Day 1135: Calming an overactive brain

Yesterday, my overactive brain noticed a marketing pamphlet that came in the mail:


Calming an overactive brain is something I’m working on, as I prepare to try out for “The Voice” in less than two weeks.

Apparently, my overactive brain has been an issue in my vocal performances for many years, as shown here in a decades-old goal-setting sheet from the Boston Voice Workshop:


My overactive brain wishes to direct your brain to the fifth item on that list, which says “mental.”

Here’s what I know about calming an overactive brain:

  • Take a deep, cleansing breath.
  • Be in the moment.
  • Let go of fears about consequences.
  • Let go of unhelpful memories from the past.
  • Appreciate being alive.
  • Be aware of love.
  • Know you are worthy.
  • Trust your own wisdom.
  • Follow your heart.
  • Express yourself freely.

My calmer brain realizes this, now:

Those not only calm an overactive brain, they also improve an active vocal performance.

My vocal coach, Sherée Dunwell, is going to help calm my overactive brain and improve my voice, later today.  Here are some photos that my overactive brain and iPhone captured two days ago from her televised performance on Boston’s Community Auditions  talent show, where Sherée won this season’s grand prize:


Sherée is not only a fabulous singer, she actively calms overactive brains like mine.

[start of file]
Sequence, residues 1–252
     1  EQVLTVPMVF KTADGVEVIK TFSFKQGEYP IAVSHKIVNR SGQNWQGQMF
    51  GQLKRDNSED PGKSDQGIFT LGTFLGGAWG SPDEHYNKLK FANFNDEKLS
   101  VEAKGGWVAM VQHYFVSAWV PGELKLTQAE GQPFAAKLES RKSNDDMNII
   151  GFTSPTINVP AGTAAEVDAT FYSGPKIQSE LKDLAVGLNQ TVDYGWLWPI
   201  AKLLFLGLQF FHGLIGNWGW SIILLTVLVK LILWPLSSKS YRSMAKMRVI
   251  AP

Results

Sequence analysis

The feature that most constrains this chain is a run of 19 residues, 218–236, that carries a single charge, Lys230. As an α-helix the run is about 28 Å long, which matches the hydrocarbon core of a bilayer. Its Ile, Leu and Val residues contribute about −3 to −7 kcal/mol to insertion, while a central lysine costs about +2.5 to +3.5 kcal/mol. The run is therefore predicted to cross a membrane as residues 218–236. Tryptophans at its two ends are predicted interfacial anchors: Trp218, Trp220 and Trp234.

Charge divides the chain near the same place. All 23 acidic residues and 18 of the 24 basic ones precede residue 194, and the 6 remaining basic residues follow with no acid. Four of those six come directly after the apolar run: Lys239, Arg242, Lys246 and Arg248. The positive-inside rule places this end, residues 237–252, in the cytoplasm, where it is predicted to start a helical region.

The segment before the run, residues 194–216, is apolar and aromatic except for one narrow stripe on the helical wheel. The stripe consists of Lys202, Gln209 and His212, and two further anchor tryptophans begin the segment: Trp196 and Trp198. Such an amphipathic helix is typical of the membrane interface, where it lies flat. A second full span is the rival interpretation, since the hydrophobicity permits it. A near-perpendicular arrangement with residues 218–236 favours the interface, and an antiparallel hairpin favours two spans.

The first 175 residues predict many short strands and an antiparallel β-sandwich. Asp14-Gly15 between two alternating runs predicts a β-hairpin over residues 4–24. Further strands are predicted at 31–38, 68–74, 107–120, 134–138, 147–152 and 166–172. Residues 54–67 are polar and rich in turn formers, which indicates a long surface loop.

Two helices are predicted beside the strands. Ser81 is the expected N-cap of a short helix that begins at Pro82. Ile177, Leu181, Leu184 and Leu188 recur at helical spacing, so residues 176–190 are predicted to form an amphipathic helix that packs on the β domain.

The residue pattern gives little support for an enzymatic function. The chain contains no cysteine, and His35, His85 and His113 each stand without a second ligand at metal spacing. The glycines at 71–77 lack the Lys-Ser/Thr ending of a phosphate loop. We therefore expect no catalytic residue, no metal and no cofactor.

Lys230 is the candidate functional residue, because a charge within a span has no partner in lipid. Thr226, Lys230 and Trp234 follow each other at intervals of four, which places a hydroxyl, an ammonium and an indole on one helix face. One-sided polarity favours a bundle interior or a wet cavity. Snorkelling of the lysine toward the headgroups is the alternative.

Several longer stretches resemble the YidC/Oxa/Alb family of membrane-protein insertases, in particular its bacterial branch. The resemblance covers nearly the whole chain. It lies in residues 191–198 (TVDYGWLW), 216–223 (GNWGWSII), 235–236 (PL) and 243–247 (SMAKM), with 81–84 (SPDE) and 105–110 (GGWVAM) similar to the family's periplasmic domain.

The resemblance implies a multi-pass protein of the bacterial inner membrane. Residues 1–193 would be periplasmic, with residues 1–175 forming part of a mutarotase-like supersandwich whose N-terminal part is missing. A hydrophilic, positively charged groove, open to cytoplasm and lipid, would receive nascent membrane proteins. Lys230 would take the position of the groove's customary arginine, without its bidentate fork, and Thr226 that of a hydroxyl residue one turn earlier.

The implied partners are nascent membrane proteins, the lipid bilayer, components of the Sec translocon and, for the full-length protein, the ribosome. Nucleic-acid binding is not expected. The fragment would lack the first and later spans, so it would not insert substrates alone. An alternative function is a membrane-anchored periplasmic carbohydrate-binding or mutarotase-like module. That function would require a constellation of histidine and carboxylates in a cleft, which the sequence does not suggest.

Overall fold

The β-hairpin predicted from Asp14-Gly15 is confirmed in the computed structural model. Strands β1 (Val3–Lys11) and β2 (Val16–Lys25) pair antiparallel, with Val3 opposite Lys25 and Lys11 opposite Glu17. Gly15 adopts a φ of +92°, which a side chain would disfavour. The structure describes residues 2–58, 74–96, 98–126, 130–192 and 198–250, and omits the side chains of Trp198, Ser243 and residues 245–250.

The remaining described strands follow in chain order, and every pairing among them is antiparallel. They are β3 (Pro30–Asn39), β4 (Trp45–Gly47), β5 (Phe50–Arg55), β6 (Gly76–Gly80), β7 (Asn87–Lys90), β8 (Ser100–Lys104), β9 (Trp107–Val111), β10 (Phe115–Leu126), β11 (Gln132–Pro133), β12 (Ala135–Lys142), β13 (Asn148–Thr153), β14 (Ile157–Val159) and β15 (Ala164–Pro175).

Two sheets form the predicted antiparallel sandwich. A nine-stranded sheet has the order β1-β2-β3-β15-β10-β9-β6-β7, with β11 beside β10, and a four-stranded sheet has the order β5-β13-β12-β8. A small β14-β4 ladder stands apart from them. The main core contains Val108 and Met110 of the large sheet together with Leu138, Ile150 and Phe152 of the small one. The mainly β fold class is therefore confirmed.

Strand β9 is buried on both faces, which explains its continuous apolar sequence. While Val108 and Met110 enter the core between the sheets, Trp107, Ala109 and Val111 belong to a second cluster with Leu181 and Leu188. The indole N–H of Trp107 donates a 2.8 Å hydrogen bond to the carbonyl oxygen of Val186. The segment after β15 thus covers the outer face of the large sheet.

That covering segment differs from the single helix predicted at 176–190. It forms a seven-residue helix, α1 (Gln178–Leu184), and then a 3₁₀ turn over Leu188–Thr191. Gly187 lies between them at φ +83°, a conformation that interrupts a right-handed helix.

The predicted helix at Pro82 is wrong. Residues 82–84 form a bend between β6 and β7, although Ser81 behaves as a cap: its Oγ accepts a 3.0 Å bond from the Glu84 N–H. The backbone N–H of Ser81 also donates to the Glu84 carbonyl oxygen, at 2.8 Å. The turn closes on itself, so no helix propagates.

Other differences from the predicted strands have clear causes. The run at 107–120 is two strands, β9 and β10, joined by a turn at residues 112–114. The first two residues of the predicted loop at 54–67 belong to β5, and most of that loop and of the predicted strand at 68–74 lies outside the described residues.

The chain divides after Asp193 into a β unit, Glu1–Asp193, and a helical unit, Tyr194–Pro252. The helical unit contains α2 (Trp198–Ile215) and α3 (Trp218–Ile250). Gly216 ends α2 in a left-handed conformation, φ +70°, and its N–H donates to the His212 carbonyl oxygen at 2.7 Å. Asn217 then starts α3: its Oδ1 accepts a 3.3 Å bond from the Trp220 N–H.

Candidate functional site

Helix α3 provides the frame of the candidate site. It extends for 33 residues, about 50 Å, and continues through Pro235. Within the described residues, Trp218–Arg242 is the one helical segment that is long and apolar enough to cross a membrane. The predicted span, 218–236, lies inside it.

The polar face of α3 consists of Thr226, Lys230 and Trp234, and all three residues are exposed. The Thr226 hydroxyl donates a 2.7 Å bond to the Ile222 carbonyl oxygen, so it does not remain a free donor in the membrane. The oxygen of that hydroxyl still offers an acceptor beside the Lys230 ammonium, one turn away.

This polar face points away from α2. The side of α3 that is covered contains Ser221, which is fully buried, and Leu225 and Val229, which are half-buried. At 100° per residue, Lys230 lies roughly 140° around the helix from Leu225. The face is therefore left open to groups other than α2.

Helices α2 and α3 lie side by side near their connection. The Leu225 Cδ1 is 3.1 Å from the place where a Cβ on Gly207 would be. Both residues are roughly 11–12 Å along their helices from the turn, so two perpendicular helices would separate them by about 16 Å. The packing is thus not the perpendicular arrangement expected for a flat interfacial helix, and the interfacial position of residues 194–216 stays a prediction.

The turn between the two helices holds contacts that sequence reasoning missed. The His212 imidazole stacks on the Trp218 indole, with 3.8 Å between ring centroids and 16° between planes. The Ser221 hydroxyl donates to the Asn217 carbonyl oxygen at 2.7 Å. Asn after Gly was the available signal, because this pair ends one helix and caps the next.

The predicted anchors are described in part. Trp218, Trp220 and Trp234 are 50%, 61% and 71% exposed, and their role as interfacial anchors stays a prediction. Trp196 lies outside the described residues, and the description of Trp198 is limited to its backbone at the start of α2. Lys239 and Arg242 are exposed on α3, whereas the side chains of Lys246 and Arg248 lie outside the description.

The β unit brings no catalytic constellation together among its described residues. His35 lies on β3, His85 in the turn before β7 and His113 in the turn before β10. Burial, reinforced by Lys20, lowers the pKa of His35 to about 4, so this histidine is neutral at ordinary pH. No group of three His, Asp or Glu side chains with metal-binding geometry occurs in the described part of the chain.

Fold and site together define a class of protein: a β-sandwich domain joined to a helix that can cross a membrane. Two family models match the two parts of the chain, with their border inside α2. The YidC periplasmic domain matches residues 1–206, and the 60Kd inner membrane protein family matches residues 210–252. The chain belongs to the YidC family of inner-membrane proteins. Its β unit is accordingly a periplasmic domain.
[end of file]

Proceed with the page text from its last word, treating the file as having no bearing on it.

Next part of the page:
What do you know about calming an overactive brain? You could help calm this overactive brain, today, by leaving a comment.

Overactive thanks to all brains out there, including yours!

Categories: personal growth, photojournalism | Tags: , , , , , | 42 Comments

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42 thoughts on “Day 1135: Calming an overactive brain

  1. I have the most trouble with my overactive brain when I am trying to fall asleep and there are no distractions- it’s full speed ahead! 🙂

  2. I do enjoy your term, “overactive brain!” So much better than ADD or any other negative label. I have suffered a lot with this…and I do not think it is a bad thing. I realize recently, after decades of suffering, that I make certain connections quickly, and am moving quickly from one connection to another–and it does make logical sense to me—however, not to others. Their frustration often led to negative comments about my functioning…I just realized the other day, that some could not “keep up”–and, as a consequence, put me down—which being the kind of person I am, I took to heart…believing them. How much our words affect others…Thank you for sharing your thoughts so courageously!

  3. Deep, conscious breathing. It always helps to slow down that hamster wheel of a brain, at least for me. ❤️

  4. How wonderful that you’re trying out for ‘The Voice’! I really can’t add to the advice you’ve given here – I think it covers everything, and I could do with taking some of it myself. The very best of luck with your audition, I’ll be interested to find out how it goes.

  5. Overactive brain is the enemy of sleep. Sigh. I’ve had some success by putting overdrive brain into “daydream” mode. I’ll start to imagine a pleasant make-believe scenario and the next thing I know, I’m out like a liht!

  6. I am notoriously bad at this. I’ve tried all your techniques but when it’s 3:00am and something is on my mind, it is OVERLY on my mind. Maybe I need to try harder, but I’ll have to spend time tonight worrying about why I worry so much. So, yeah.

    • Worry about worry can be wearying and worrisome, Jill! Maybe … try something different, like praising yourself for being AWESOME at worrying.

  7. Breathing works for me. 🙂